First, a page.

Movies and Daylilies...Haiku 3.28.2019

This is one of my favorite daylilies of all time, H. 'BROOKWOOD WOW.'  It was hybridized by Leo Sharp, a name you might recognize from recent pop culture.

Leo Sharp was my friend, and in the tapestry of the people I have known in my life, he is most likely not the only criminal.  In 2014, I worked for several months with a reporter for The New York Times Magazine on a story eventually titled "The Grandfather."  The writer and I became friends, exchanged dozens of our best photographs and stories of history and interest with Leo.  We talked for hours on the daylily community, daylily people, and the daylily as a perennial.  I lovingly and protectively shared a few of my favorite Leo anecdotes and also my own copies of the beautiful Brookwood catalogs.  Sam Dolnick (the NYT writer) felt empathy for Leo and that shone in his piece (   He became fascinated with Leo and his place in the daylily world.   The rights to this story were sold for the movie 'The Mule,' and I have deeply mixed feelings. 

I wasn’t the only one who worked with the reporter, at least one other AHS past-president was quoted, as was the late, internationally-great Gisela Meckstroth.  Gisela and I were both shocked by the made for TV arrest, but neither of us were really surprised at the presence of some international intrigue.  If you never had the chance to experience Leo in person, he was a larger-than-life personality with a heart of gold and a dash of boast.  We shared a Region, held the same regional offices, traded stories and encouragement from the trenches of volunteer service, and a love for perfectly formed porcelain-like daylilies.  I've won Best In Show with a 'Brookwood' daylily three times and won Best In Section and purple ribbons on countless other 'Brookwood' entries.  The photos of Leo (expertly) selected for the NYT story break my heart every time I am reminded of it, and my own last photos of visiting Brookwood Gardens are haunting.  Like I said, he was my friend, too.  I guess none of that really matters in the end, though.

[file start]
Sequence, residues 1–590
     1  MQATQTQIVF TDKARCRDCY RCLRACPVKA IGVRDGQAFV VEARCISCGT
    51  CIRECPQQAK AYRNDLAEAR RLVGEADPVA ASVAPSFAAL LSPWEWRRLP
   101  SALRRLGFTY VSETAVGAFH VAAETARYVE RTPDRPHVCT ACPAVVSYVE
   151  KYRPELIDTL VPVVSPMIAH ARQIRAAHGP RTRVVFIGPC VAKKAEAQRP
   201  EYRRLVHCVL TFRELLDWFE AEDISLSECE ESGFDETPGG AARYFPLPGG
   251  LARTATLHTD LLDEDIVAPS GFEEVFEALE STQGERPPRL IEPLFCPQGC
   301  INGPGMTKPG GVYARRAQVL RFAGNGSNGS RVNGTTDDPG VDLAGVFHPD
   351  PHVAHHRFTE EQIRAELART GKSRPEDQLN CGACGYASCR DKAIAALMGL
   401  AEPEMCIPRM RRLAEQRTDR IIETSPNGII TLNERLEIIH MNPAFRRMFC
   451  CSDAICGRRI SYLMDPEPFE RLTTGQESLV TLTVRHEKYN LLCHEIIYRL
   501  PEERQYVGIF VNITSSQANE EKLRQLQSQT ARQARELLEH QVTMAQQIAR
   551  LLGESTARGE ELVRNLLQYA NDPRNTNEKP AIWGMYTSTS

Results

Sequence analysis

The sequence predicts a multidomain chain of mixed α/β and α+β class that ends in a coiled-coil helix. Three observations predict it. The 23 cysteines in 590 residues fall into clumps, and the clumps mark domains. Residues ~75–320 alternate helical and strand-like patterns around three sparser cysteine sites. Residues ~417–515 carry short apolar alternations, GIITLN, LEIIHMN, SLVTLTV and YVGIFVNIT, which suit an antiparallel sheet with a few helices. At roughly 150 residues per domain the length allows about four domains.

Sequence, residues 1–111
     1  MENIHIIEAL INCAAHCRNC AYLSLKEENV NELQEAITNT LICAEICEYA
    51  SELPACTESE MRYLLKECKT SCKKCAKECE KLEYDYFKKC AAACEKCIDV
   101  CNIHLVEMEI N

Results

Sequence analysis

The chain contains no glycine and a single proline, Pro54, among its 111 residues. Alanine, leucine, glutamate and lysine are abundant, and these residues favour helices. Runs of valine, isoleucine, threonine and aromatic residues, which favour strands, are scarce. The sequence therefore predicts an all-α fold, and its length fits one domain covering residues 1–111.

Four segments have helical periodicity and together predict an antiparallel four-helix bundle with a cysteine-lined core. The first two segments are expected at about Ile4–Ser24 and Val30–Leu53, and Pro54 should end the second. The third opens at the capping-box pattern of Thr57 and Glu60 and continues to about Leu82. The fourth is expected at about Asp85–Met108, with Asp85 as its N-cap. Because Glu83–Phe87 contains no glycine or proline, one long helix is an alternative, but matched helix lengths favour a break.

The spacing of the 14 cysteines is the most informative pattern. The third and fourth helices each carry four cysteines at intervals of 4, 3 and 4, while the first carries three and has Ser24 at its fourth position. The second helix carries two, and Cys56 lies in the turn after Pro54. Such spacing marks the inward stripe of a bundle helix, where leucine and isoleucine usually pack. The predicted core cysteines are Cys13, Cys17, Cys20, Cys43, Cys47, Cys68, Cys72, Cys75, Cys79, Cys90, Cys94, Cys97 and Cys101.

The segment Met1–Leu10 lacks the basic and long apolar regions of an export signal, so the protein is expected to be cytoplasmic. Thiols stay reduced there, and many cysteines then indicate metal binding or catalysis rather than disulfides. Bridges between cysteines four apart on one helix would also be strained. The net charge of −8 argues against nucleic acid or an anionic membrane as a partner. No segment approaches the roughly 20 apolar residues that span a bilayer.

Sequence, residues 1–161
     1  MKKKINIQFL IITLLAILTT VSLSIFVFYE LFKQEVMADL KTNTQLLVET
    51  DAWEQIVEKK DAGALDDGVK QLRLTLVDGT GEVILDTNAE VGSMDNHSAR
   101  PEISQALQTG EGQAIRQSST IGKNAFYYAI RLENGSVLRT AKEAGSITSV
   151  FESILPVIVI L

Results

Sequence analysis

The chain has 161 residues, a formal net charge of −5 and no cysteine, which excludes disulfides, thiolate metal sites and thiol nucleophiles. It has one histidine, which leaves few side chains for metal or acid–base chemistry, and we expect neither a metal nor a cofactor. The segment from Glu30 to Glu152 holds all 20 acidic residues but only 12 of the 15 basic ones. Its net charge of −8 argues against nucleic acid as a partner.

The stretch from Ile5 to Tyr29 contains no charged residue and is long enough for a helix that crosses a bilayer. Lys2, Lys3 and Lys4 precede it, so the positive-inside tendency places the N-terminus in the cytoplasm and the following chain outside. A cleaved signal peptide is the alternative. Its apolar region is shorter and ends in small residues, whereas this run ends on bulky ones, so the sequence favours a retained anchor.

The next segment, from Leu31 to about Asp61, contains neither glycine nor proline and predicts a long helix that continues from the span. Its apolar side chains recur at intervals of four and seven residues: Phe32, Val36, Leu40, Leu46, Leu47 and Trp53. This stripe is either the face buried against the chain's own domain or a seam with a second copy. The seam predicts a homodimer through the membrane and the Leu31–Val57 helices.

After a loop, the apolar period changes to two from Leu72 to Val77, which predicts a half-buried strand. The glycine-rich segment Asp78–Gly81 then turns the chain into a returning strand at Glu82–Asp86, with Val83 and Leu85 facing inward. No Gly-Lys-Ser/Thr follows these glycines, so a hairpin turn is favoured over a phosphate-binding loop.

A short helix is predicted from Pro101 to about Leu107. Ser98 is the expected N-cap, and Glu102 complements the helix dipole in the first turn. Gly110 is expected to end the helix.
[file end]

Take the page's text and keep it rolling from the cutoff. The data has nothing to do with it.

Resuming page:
We are all covered in beautifully faulty facets - no matter how deeply or flawful the sides are carved throughout our lives, I believe you take the good with the bad in people and find a palatable medium with your own moral compass.   Following his initial arrest, it was proposed to revoke every award he ever won.  After his conviction, it was brought up again- the scrubbing of our history to eliminate the negative.  I was asked to remove posts on my blog of Brookwood daylilies and a few stories of Leo.  One club refused to take plants with the 'Brookwood' prefix for their plant sale.  If it were only that easy to erase those who violate the law or moral code from our membership.   I don’t have any delusions that AHS or the daylily will experience a spike in interest, or a decline in membership because of the movies making and I dont think I can sit through it.  Even the commercials bring back swirls of haunted conversation. 

I remember Leo saying to me, in his own weed-filled garden about 10 years ago..."this one is going to bring me my first million."  He was talking about 'Brookwood Julia Sermon.' He explained he had a patent and distribution deal for it, which is why he had to coyly refuse to sell me a piece that day.  

He was a character, for sure.  Kind, greedy, compassionate, corrupt, and so smart - yet so flawed.  But I believe Leo would get a kick out of Clint "playing him" in the movie.  

And that thought is enough for me.

Here are some other blogs where I share stories, photos or history about Leo or Brookwood daylilies.

Enjoy the popcorn!



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